However, leavening gas is most commonly created by the chemical reaction of an additive such as baking soda or baking powder. Baking soda (or bicarbonate of soda) is sodium bicarbonate (an alkali), which when heated produces carbon dioxide gas and sodium carbonate, which tastes metallic. The metallic taste can be neutralised by the addition of acid ingredients such as lemon juice, vinegar, sour milk, buttermilk, yoghurt, raw cocoa powder or cream of tartar. However, the addition of wet acid ingredients causes an acid-alkali chemical reaction which releases carbon dioxide, requiring immediate baking before the gas can escape.

Baking powder is a mixture of dry additives, used to delay the release of gas. It usually contains one part baking soda to two parts cream of tartar (or other acid salt) and corn or potato starch. The starch improves the consistency and stability of the mixture, but principally absorbs moisture, which prevents any premature reaction between the bicarbonate (alkali) and tartar (acid). With the controlled addition of liquid and then the applied heat of baking or cooking, the acid-alkali chemical reaction produces carbon dioxide bubbles, which expand the dough or batter. In fried batter (or "breading"), baking powder also enhances crispness by forming minute passages for steam to escape, so retaining the coating on the food.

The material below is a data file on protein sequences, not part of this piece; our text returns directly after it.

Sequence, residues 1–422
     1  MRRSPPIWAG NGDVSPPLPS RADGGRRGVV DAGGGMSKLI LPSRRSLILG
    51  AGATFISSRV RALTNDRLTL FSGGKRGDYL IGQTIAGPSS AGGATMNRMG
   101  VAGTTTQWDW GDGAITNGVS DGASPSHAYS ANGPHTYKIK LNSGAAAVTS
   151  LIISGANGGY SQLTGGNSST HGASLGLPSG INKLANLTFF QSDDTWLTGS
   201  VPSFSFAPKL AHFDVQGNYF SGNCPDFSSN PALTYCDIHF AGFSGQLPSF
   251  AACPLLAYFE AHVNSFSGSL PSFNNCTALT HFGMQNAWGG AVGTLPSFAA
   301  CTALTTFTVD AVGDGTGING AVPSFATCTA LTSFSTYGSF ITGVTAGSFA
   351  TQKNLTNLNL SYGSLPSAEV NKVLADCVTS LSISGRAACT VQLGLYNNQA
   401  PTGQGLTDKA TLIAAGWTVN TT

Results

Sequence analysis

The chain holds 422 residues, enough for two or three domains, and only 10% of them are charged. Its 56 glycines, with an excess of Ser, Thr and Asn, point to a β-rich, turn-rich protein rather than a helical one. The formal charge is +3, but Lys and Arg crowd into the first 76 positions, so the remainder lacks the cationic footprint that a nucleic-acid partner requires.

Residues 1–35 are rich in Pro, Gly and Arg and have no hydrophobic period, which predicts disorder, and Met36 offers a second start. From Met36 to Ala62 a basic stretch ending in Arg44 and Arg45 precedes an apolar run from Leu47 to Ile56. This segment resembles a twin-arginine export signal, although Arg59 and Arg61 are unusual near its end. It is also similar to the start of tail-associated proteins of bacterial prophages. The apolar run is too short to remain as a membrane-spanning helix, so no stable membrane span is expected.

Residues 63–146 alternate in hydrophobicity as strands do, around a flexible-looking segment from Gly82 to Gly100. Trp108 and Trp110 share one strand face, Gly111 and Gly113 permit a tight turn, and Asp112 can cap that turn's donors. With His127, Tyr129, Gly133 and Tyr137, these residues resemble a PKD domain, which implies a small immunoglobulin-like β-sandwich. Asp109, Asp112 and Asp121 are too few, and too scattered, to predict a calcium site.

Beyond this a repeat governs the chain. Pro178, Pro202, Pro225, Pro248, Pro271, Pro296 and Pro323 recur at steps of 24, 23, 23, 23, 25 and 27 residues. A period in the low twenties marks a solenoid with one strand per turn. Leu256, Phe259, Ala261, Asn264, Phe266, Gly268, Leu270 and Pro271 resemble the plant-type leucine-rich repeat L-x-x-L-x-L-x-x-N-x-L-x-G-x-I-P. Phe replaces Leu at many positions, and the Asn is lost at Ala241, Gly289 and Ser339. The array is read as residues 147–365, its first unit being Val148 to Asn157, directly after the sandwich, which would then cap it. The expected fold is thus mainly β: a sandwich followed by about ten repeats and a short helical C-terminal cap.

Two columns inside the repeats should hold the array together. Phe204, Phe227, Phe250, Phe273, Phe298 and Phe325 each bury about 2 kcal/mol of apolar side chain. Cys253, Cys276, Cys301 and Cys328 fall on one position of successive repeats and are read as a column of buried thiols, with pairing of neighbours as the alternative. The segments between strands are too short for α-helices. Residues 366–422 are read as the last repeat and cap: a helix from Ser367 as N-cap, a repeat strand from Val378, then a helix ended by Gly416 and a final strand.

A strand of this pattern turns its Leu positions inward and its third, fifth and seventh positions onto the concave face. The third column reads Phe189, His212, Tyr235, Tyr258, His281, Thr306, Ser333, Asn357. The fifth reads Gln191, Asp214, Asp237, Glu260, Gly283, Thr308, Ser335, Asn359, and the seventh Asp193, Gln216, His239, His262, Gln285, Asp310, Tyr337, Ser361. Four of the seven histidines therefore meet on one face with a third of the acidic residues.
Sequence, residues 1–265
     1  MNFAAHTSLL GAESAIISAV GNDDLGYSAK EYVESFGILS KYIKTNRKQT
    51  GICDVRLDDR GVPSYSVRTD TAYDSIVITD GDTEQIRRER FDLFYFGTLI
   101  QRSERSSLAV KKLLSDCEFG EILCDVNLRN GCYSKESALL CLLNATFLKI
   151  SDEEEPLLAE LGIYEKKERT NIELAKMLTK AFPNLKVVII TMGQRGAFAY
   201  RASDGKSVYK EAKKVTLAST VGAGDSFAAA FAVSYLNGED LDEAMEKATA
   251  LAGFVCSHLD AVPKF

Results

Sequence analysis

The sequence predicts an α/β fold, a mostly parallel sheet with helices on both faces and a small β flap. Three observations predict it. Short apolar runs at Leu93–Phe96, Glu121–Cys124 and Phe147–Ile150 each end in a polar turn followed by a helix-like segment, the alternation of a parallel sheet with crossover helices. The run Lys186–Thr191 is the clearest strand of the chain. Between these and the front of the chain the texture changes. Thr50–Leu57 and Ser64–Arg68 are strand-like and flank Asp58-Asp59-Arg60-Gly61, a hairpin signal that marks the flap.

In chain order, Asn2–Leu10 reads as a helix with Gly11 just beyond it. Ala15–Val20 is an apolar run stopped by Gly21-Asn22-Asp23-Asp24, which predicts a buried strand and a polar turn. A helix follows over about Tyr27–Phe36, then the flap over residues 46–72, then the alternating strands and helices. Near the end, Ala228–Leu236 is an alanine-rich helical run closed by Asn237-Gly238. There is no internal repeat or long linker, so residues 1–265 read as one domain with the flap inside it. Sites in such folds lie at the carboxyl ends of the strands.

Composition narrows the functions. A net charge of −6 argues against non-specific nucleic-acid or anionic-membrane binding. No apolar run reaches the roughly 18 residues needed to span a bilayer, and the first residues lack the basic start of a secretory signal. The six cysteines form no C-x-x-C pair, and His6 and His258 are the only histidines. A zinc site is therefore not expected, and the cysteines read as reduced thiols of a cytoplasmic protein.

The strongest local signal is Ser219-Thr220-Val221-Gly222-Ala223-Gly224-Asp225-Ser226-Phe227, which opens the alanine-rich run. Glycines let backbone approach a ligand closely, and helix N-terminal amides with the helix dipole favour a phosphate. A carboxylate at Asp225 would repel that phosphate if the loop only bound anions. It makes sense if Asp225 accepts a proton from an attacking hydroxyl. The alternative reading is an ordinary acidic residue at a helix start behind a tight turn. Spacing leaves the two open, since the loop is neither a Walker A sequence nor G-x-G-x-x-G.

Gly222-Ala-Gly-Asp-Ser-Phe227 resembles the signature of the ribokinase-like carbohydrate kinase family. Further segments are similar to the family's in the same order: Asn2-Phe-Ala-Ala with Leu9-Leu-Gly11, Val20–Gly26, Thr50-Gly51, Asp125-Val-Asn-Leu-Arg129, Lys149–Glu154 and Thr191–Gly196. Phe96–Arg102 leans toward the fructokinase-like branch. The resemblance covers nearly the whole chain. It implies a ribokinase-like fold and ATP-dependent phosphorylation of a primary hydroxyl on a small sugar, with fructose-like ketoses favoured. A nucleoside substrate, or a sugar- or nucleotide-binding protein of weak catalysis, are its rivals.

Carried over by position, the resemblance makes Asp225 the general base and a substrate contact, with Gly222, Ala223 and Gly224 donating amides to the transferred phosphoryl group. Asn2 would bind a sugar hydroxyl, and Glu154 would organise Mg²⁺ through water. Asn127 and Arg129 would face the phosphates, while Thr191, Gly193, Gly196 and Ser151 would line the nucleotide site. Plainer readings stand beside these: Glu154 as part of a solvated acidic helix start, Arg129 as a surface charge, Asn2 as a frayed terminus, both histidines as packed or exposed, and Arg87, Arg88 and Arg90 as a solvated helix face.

Corn starch (or cornflour) is made from maize and is used to thicken liquids, syrups and sauces. It forms a translucent mixture, unlike wheat flour which forms an opaque mixture. Alfred Bird invented custard powder

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(made with cornflour instead of egg) in 1837, then invented baking powder in 1843 (because his wife could not eat yeast). Dr August Oetker also created a baking powder in 1891. Generally 5 grams (one teaspoon) of baking powder is used to raise a dough mixture of 125 grams (one cup) of flour, 125 millilitres (one cup) of water and one egg. Less baking powder must be used with additional acidic ingredients (eg buttermilk).

Cream of tartar is potassium bitartrate, which crystallises in wine casks during the fermentation of grape juice. Cream of tartar is used in baking powder, to stabilise beaten egg whites and whipped cream, to prevent thickening of sauces and crystallisation of syrups, and to prevent discolouration of boiled vegetables. It can also be mixed with lemon juice or vinegar to make a paste for cleaning metals, mixed with water for cleaning porcelain, or mixed with hydrogen peroxide to make a paste which will remove rust. Cream of tartar should not be confused with tartare sauce, which was originally created to be eaten with raw meat in the French dish "steak tartare", named after the Tartar (Mongol in Persian) warriors who ate raw meat. The sauce typically contains mayonnaise mixed with tarragon and chopped pickled vegetables.